What might the implementation of these plans look like in practice? State-level processes provide some illustrative examples. Rhode Island’s ocean planning process for the coastal waters under state jurisdiction paved the way for permitting and construction of the United States’ first commercial offshore wind project, the Block Island Wind Farm developed by Deepwater Wind LLC. This $290 million investment is on track to generate 300 jobs for the state and produce up to 30 megawatts of clean energy starting this fall. Similar to the regional ocean plans that will soon be released, Rhode Island’s process encompassed both spatial planning and stakeholder engagement and consultation, which resulted in crucial guidance and eventual support for the wind farm from the local commercial fishing industry. As Deepwater Wind CEO Jeff Grybowski explained, “At the end of the day, we end up with a more robust project from our perspective because it has more community acceptance.”
Massachusetts implemented an analogous ocean plan following the passage of the Massachusetts Oceans Act of 2008, which ordered the state to institute a planning and data gathering effort for its waters. The first marine infrastructure project proposed after the state’s Ocean Management Plan came into effect was a cable-laying project between Cape Cod and Martha’s Vineyard, designed to enhance the island’s telecommunications and electric power reliability. Following completion in 2014, a case study on the project determined that the state’s ocean plan expedited permitting and cut 18 months of construction time. According to the developer’s environmental consultants, the state’s Ocean Management Plan was “very helpful because it defined the environmental constraints up front so we were able to take them into account early in the project design which made the design and permitting more efficient.”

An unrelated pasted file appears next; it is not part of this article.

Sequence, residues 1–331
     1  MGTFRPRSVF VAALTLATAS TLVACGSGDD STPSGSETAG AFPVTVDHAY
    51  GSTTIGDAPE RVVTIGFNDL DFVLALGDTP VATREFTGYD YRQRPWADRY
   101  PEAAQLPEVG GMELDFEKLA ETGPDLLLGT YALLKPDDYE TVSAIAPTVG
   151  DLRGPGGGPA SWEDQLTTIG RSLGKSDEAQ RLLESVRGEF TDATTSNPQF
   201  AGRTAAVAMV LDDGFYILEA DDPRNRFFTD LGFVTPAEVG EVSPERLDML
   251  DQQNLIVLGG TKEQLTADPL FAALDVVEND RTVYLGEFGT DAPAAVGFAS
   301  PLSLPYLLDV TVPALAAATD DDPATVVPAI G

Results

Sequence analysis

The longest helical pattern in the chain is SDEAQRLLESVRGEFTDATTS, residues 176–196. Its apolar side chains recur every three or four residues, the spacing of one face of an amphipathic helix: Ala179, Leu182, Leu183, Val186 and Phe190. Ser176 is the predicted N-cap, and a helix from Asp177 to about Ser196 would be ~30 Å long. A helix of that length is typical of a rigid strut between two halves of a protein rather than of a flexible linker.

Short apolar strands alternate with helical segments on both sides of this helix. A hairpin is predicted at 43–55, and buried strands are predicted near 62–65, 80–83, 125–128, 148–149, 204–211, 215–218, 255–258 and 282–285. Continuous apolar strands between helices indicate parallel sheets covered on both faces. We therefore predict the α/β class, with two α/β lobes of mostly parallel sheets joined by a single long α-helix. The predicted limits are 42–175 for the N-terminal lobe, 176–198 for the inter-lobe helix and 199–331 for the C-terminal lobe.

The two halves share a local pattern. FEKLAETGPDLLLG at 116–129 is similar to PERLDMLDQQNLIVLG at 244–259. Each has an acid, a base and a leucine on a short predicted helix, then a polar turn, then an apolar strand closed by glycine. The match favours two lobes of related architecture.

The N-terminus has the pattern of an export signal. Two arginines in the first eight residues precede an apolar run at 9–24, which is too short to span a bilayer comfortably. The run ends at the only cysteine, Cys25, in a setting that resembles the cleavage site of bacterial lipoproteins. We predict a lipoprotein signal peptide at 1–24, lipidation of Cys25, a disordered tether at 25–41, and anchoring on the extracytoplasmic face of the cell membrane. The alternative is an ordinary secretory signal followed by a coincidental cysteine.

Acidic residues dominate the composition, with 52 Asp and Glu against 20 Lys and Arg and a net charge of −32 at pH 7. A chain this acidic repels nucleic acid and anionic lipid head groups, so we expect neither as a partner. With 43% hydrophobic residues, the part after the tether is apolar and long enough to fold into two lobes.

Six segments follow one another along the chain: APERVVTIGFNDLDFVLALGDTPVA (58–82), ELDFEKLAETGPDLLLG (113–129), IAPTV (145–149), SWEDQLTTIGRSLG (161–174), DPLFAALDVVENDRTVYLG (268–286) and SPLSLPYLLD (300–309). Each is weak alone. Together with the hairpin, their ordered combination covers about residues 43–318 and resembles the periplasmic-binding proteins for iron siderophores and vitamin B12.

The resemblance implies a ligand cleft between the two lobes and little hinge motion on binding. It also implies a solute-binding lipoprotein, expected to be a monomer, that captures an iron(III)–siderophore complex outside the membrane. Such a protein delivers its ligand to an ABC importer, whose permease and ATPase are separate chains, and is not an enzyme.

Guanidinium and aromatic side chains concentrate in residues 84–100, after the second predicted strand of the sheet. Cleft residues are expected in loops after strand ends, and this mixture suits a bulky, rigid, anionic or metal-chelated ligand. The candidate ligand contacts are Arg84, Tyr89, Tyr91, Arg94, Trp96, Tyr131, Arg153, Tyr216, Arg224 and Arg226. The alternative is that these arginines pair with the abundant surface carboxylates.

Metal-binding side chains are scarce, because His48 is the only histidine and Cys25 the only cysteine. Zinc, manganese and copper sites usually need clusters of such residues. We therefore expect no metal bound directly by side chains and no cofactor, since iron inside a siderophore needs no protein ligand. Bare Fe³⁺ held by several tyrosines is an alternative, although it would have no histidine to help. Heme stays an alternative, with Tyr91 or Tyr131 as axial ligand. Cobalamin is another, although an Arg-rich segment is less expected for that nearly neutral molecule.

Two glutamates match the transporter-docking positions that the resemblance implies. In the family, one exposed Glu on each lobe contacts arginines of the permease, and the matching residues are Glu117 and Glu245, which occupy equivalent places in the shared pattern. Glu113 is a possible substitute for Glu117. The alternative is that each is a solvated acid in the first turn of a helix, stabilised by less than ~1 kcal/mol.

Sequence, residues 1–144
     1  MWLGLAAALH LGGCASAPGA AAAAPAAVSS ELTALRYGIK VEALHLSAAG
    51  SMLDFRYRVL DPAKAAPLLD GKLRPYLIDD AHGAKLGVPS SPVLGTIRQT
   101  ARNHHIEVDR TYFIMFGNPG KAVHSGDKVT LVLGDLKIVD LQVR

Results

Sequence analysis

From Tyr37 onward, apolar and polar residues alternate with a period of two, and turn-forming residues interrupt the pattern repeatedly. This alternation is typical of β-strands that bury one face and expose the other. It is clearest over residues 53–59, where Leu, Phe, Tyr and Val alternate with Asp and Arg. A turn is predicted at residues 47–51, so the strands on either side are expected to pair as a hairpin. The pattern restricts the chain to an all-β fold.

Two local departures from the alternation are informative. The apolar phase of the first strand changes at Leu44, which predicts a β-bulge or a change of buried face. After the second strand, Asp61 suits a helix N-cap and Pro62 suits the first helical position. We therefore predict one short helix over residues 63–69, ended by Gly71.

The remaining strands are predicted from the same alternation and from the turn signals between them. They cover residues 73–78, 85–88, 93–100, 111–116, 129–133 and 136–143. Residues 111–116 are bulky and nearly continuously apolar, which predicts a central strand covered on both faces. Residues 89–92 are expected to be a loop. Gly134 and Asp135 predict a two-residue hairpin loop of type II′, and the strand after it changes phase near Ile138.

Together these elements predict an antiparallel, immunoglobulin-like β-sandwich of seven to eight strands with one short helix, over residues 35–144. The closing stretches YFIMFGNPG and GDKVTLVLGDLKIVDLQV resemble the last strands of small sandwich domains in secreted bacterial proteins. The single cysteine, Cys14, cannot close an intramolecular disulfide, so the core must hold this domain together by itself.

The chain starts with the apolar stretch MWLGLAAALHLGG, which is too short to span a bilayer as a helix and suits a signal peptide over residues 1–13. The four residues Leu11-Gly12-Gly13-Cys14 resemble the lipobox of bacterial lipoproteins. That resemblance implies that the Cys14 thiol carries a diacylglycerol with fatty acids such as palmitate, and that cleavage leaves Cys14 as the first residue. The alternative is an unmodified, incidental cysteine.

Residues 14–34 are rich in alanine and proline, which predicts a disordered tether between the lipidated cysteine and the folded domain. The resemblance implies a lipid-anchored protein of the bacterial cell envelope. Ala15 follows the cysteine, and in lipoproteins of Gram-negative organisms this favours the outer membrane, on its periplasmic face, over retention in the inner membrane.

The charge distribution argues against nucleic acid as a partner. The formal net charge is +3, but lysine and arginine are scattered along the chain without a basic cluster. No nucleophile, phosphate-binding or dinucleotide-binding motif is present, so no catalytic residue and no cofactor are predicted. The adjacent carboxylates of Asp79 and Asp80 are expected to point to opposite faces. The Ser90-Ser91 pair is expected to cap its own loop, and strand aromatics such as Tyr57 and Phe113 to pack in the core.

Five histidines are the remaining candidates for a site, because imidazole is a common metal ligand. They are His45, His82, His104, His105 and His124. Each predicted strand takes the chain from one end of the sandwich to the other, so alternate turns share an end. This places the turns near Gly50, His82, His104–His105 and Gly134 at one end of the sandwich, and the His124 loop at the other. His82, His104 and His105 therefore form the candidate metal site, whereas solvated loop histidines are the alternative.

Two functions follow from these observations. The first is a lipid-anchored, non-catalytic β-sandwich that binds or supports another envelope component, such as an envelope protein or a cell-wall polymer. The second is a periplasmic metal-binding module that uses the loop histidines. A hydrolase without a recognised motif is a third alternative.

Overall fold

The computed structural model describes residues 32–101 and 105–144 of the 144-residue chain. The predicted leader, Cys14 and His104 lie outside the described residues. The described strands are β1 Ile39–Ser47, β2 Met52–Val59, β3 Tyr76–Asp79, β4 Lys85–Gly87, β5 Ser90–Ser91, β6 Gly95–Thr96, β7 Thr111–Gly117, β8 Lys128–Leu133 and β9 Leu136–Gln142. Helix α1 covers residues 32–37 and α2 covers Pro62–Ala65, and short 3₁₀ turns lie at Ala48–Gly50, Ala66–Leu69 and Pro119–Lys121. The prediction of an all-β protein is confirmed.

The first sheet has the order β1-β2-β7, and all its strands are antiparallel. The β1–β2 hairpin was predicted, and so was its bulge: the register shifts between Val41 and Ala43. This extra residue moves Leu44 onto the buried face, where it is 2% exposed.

Congress needs to let the National Ocean Policy work
Few could argue that efficient permitting and construction of new marine infrastructure is a bad thing, especially if that infrastructure generates clean energy, improves connectivity, and enhances electric power grid resilience with minimum conflict from public stakeholders and other ocean users. Yet even as federal agencies move forward with efforts to implement the NOP’s regional planning component and replicate the economic and environmental successes of Rhode Island and Massachusetts in federal waters, a small subset of congressional republicans continue to try to sabotage the process for little more than political points. For example, a rider on the current House energy and water appropriations bill would disallow any expenditures on NOP implementation; this would undermine the participation of several federal agencies with important roles in coast and ocean management, including the Army Corps of Engineers and the U.S. Department of Energy. According to an Ocean Conservancy tally, this is the 17th such rider to be introduced in the House of Representatives since 2012; all were introduced by just two House republicans, Rep. Bill Flores (R-TX) and Rep. Bradley Byrne (R-AL). As with the previous anti-NOP provisions, the current rider should be rejected on a bipartisan basis.
By stepping aside to let regional ocean planning work for states that want it—or, even better, actively supporting them—Congress would help usher in a new era of prosperity and sustainability along America’s coasts. It would also facilitate the deployment of new energy and information technologies that are essential for the nation’s future. As a diverse range of ocean stakeholders have testified, industry leaders, state officials, scientists, and environmentalists all want ocean planning, and the NOP is helping them implement it. The only government overreach that must be guarded against is congressional obstruction of ocean planning’s demonstrated success, which would preserve an obsolete maritime status quo.
Shiva Polefka is a Policy Analyst for the Center for American Progress’ Ocean Policy program.